Tuesday, April 6, 2010

I might have spoken too soon

Well I will start off with the fact that Olivia's chest was closed late last night around 10:30 PM.  Whether we will call it a complete success is another story.  I typically call the PSHU at least once a night to check on the little one and last night was no different.  When I spoke with Olivia's nurse she started off with "I was just about to call you".  Uh parent wants to hear that from their child's nurse in the middle of the night.  Apparently, Olivia's levels were starting to widely fluctuate from her previous stable numbers as a side effect from the stress of the chest closure.  

What does that mean?  Well originally I was content to lay back down knowing that it was non-emergent and wait for an update later in the morning, but I couldn't really sleep.  I was only a few minutes away from her, so I figured I would rather get up and check on her myself.  Good thing, because shortly after I got to her room, things continued to decline.  All of her blood work was coming back with large indications that her body was just not tolerating the changes brought on by the closure.  The attending Cardio Fellow was very honest with me and said that she thought that this would mean ECMO for Olivia to recover before making anymore forward progress.  ECMO is a dirty word in the Peds world; it's essentially an external bypass machine that will alleviate strain on your child's heart and lungs - yes it's a good thing to have but you don't want to be in the position that you need such a machine to begin with.  

At that point I had to call Brian.  No one wants to make a call in the middle of the night to family members to give them somewhat bad news.  To his credit he was at the hospital within an hour looking alert but of course concerned by the 10 staff members that were huddled around our baby trying to figure out what in the world was going on.  I love the fact that the doctors were so confident in Olivia's ability to fight that they made the nurses change out every single piece of machinery to make sure it was nothing mechanical causing the issue.  Unfortunately, it was nothing mechanical, her body was just too dehydrated to handle the additional vessel leakage that was going on post closure.  The solution?  Well they had to literally pump her full of fluids for hours on end and adjust her meds on an hourly basis until she stabilized around 7:30 this morning.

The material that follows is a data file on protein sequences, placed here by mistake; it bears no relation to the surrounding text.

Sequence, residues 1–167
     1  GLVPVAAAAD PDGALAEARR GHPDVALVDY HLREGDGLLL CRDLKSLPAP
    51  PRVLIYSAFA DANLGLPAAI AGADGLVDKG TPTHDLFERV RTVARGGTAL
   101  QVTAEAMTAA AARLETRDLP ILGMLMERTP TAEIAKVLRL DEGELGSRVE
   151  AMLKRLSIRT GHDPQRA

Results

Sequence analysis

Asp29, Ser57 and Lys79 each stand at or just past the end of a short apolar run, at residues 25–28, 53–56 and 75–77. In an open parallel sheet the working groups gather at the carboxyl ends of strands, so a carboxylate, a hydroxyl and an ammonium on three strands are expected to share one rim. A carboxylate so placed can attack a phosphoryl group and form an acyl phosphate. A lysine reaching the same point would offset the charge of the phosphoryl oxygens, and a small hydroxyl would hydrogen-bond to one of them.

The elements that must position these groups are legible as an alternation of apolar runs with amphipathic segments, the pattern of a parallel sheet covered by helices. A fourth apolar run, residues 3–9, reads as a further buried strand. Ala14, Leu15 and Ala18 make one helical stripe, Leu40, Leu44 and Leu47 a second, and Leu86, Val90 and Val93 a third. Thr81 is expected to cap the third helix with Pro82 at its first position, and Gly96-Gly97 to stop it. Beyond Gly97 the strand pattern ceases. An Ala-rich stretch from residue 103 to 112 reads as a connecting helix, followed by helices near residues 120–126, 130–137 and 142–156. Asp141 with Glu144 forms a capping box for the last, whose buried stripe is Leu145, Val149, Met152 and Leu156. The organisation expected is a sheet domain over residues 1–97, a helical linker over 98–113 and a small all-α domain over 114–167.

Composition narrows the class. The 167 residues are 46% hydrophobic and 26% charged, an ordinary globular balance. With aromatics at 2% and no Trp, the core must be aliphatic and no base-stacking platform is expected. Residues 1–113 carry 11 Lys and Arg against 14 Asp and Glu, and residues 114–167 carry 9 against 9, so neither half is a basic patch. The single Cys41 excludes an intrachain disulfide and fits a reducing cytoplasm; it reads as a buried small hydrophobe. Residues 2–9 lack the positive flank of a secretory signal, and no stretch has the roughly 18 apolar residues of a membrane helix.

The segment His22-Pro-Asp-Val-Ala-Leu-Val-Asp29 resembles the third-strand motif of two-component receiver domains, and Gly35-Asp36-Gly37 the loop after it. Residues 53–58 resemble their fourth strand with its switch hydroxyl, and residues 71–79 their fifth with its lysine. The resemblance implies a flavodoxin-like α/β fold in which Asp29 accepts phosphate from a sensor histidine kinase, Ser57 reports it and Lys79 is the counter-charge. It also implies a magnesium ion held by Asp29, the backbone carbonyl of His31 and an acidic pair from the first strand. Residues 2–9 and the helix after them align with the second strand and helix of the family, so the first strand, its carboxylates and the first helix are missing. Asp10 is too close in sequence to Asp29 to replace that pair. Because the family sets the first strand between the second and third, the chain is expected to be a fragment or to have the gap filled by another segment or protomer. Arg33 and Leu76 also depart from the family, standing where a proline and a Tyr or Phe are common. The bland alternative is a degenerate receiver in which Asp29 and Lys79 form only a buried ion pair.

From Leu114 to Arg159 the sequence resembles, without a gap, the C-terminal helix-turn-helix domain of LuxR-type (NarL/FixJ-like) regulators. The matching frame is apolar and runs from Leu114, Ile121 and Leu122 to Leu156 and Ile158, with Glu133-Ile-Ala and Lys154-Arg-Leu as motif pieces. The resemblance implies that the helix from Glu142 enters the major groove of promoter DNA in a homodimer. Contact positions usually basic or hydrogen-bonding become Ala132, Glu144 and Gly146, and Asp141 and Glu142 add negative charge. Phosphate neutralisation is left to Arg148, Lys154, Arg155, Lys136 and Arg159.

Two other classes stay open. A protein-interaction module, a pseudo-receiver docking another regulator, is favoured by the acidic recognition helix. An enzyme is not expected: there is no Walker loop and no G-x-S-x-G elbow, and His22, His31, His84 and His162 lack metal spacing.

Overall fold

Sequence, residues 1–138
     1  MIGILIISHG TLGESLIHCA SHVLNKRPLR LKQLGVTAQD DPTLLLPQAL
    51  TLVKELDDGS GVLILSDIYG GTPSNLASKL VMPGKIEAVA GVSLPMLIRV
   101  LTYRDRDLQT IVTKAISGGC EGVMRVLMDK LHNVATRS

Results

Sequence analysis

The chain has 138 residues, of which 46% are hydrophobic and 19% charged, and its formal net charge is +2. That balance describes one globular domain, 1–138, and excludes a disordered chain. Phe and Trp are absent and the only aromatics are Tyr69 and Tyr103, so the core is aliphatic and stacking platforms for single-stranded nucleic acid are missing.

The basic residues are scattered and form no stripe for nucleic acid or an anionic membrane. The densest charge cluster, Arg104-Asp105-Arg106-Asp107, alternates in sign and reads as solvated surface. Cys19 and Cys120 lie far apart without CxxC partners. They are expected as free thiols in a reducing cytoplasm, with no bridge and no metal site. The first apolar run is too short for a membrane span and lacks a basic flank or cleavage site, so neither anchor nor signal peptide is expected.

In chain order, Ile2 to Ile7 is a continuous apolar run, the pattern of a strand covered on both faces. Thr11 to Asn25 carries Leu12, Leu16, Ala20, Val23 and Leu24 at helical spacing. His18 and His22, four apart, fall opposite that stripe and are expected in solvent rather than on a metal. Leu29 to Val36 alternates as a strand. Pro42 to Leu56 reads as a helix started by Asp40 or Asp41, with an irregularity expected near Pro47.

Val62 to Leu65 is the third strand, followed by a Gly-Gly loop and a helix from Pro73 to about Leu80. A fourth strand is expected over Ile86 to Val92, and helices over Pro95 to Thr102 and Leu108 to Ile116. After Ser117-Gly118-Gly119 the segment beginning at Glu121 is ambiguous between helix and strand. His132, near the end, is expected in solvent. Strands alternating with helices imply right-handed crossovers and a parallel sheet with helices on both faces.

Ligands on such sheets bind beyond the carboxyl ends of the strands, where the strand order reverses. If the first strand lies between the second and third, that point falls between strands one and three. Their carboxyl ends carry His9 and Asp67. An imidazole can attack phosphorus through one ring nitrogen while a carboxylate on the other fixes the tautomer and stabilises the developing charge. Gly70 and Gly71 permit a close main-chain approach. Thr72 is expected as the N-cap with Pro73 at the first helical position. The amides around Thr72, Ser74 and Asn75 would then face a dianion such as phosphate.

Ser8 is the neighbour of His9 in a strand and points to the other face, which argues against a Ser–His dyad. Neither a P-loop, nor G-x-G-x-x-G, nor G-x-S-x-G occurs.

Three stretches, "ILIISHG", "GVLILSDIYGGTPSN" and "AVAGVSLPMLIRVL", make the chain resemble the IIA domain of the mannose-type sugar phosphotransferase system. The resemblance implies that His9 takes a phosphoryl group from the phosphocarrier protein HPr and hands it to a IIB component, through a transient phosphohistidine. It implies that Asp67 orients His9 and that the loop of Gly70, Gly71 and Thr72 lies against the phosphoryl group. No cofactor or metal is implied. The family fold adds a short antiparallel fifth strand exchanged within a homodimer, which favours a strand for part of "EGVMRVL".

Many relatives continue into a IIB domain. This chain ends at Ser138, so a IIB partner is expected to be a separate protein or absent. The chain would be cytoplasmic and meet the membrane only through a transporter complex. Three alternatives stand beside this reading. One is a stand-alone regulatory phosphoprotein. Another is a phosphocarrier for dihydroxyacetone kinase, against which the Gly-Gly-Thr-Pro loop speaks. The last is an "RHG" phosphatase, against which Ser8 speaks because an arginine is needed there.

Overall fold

Things are relatively quiet this evening, her vent settings continue to be lowered as do the level of meds.  While we're still not where we were yesterday pre-closure, they are happy with her progress.  I for one am happy that they are happy.  Brian will be staying here tonight to make sure there's no more surprises in the meantime and hopefully we'll get a few good hours of sleep.  Here's to hoping for a boring tomorrow!

1 comment:

  1. Well, here is what I think is the good news. My daughter hit a "bump in the road" similar to this the day after her Norwood. Our nurse told us, "These babies seem to always have one bump in the road and then recover beautifully from there. This is her bump." So, praying that was Olivia's bump (and it sounds like it was) and she gets back on track with her recovery. :)
    Heart Hugs,
    Jenny (Aly's mommy)